E3 is coming back. It skipped 2020 due to the coronavirus pandemic, and will grace our screens in 2021 as an all-digital event. Last year was the first time since 1995 that an E3 didn’t take place, so we saw what would happen if the event no longer existed… and life went on. Game companies and media outlets took their plans for the big conference and made them their own, hosting live streams and releasing demos digitally all throughout the summer. While a lot of it was a summer mish-mash of shows, we still got all the announcements that would’ve been at E3, so I ask you: do we still need E3?
E3 has changed a lot since its inception in the 90s. It started out as a trade show for retailers, and over time turned into more of a public-facing marketing event. Each year, I’ve looked forward to E3, not wholly because of the game reveals, but because of that spectacle the show provides. Fun music performances, celebs on stage telling everyone they’re breathtaking, and bubbly developers have usually stood out more than trailers or gameplay videos on offer. Part of me feels like the mish-mash of all this made the show lose something, becoming more feeding into hype rather than just celebrating announcements. But at the same time it was fun, and I think I’d miss it.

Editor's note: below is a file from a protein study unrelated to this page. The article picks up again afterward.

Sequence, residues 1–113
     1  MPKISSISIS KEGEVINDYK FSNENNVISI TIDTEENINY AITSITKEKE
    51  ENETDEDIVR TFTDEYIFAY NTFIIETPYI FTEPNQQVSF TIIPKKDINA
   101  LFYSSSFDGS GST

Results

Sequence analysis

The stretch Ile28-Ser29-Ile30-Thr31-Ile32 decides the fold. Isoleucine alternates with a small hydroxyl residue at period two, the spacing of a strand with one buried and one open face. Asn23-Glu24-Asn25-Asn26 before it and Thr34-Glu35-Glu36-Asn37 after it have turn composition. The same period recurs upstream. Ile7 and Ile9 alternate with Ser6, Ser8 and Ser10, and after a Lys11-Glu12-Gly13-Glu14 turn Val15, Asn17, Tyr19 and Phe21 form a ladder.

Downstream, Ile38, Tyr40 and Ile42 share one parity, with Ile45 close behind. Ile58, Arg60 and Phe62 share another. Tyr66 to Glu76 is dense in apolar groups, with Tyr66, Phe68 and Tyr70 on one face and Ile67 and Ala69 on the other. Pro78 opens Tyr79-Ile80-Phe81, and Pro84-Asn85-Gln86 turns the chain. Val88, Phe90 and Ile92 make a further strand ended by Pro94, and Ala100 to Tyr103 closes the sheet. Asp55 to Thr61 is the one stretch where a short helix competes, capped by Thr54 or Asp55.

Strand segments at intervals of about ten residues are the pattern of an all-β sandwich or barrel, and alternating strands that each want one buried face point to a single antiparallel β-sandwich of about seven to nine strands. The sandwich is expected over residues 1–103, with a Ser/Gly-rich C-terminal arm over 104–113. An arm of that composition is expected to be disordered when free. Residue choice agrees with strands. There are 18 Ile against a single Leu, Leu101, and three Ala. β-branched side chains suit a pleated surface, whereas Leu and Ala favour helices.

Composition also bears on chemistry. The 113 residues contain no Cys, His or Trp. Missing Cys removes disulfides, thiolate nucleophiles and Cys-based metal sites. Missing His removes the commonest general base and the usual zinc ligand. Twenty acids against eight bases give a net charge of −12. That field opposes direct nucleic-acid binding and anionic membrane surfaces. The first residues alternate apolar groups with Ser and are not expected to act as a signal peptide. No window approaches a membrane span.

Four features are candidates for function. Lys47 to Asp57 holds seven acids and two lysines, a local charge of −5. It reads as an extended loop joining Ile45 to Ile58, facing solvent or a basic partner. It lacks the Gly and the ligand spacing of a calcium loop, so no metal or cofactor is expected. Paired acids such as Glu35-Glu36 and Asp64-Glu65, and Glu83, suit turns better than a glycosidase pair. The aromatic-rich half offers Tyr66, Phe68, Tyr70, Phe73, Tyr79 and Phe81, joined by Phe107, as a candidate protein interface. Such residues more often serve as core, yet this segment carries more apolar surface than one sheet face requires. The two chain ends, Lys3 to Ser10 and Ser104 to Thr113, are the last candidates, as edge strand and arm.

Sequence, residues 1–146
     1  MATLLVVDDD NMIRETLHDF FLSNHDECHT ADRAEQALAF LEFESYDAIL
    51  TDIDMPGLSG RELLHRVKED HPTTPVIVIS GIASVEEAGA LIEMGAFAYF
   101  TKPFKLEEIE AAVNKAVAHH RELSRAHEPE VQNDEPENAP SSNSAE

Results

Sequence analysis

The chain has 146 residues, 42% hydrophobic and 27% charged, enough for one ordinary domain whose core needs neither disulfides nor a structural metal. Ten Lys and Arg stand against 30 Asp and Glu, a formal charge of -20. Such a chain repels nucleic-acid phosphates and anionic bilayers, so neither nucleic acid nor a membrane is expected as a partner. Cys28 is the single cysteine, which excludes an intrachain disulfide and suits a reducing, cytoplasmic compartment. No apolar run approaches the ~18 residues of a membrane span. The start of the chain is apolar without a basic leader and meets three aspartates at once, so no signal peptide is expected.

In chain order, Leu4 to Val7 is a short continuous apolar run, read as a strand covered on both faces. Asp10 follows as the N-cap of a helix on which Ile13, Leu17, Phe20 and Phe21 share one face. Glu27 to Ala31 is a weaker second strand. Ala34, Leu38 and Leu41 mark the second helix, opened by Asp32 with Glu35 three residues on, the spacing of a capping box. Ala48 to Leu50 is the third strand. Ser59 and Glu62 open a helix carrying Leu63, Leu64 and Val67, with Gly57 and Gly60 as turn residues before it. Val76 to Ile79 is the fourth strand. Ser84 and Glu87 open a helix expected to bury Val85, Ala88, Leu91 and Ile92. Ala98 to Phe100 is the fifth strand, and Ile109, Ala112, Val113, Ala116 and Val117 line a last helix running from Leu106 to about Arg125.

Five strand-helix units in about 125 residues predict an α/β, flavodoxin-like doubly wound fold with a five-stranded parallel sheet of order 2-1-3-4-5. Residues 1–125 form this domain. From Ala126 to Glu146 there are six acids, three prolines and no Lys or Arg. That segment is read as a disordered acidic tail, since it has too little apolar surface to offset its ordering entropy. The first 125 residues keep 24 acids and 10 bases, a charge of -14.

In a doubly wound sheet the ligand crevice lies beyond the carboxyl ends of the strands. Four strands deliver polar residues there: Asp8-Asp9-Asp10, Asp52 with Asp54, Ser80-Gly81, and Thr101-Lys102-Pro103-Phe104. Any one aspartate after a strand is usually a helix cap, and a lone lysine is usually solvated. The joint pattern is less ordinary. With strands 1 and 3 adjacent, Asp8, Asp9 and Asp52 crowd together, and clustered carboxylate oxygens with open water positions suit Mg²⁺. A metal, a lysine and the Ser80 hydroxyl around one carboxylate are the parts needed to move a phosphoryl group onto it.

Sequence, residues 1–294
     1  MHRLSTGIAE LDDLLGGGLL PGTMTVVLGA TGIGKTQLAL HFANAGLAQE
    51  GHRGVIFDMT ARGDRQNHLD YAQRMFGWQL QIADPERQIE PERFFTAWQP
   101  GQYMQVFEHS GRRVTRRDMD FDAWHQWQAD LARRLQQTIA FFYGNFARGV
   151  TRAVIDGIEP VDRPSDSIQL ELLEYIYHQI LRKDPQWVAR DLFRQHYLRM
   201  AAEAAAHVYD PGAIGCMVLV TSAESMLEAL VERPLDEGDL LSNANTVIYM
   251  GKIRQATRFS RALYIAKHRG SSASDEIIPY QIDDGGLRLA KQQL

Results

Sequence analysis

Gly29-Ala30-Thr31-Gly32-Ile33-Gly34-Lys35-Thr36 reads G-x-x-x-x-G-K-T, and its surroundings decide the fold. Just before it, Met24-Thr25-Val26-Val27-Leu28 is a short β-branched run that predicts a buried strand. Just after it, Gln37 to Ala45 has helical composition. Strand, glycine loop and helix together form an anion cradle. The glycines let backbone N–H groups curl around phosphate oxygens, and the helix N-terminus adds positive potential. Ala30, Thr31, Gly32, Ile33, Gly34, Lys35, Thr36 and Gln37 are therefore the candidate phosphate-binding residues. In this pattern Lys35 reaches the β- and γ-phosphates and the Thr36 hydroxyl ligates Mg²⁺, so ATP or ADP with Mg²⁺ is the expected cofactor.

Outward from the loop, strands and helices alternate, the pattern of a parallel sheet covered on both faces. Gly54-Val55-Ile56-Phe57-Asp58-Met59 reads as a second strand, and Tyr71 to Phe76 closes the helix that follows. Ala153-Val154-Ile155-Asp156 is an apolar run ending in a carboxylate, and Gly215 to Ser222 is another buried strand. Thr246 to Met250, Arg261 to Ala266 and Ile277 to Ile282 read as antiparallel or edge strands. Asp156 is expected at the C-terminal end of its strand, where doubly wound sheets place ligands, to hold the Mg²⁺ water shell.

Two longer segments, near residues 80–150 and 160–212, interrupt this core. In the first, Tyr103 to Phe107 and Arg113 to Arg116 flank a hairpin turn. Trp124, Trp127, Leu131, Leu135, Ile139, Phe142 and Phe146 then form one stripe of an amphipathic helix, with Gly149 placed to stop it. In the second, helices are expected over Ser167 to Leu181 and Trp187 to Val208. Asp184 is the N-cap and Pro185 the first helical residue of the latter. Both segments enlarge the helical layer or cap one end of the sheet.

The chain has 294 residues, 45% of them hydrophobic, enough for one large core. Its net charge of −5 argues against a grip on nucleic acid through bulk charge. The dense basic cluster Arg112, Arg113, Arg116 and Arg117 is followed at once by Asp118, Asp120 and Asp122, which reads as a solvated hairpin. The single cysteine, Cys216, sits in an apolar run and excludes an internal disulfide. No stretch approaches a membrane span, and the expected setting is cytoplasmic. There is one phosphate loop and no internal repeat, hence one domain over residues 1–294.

Multiple big publishers seem to be realising that they don’t need E3 for that marketing push either. Sony stopped attending the event in 2019, after having been at every one since it began. Nintendo haven’t done a live E3 press conference since 2013, and instead do pre-recorded Nintendo Directs throughout the year. EA hold EA Play during the E3 week, though they technically aren’t part of the event’s official schedule. While last year these things all took place around the E3 week, others developers and publishers held their own sorts of “directs” at various points during 2020.
We also saw events like the Steam Game Festival and the Summer Game Fest, which housed a lot of the displaced shows and demos that E3 would’ve contained, as well as a lot more. This did cause E3 to essentially go from a week-long announce-athon to almost two months worth of press conferences. Though, it seems like it happened that way because no one really knew when to hold their own shows without the central E3 to tie it all together. For smaller game companies, holding their streams during the hubbub is helpful for getting attention, whereas bigger players, like Microsoft, were more comfortable holding events throughout the year, because they’d still get a huge audience.
Perhaps E3 doesn’t need to go, so much as it needs to change. It serves as a good anchor for these conferences in the summer, though I would like if it focussed a little more attention on the companies that need it. 2020 proved that the event wasn’t completely necessary, but I think 2021’s digi-E3 might make us realise how much we missed it. But what about you? Do you still think we need E3? Do you still want it?